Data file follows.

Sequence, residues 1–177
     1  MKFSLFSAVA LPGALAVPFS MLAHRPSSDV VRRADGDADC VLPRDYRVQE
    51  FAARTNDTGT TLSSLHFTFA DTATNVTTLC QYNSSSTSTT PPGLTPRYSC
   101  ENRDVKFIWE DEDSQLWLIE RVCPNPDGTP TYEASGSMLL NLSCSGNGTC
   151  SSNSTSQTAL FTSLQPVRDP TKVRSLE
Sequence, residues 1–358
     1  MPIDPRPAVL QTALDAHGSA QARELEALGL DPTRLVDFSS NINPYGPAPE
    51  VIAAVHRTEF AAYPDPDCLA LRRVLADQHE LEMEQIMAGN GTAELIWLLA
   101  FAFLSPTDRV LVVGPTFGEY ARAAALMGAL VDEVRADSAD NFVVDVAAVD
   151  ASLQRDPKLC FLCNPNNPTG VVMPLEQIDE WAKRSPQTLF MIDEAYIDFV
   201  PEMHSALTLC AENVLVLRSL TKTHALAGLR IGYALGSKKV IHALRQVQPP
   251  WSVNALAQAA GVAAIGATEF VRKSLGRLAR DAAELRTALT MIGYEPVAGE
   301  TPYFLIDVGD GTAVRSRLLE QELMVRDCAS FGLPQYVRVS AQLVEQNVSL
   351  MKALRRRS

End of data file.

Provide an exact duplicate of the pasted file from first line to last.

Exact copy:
Sequence, residues 1–177
     1  MKFSLFSAVA LPGALAVPFS MLAHRPSSDV VRRADGDADC VLPRDYRVQE
    51  FAARTNDTGT TLSSLHFTFA DTATNVTTLC QYNSSSTSTT PPGLTPRYSC
   101  ENRDVKFIWE DEDSQLWLIE RVCPNPDGTP TYEASGSMLL NLSCSGNGTC
   151  SSNSTSQTAL FTSLQPVRDP TKVRSLE
Sequence, residues 1–358
     1  MPIDPRPAVL QTALDAHGSA QARELEALGL DPTRLVDFSS NINPYGPAPE
    51  VIAAVHRTEF AAYPDPDCLA LRRVLADQHE LEMEQIMAGN GTAELIWLLA
   101  FAFLSPTDRV LVVGPTFGEY ARAAALMGAL VDEVRADSAD NFVVDVAAVD
   151  ASLQRDPKLC FLCNPNNPTG VVMPLEQIDE WAKRSPQTLF MIDEAYIDFV
   201  PEMHSALTLC AENVLVLRSL TKTHALAGLR IGYALGSKKV IHALRQVQPP
   251  WSVNALAQAA GVAAIGATEF VRKSLGRLAR DAAELRTALT MIGYEPVAGE
   301  TPYFLIDVGD GTAVRSRLLE QELMVRDCAS FGLPQYVRVS AQLVEQNVSL
   351  MKALRRRS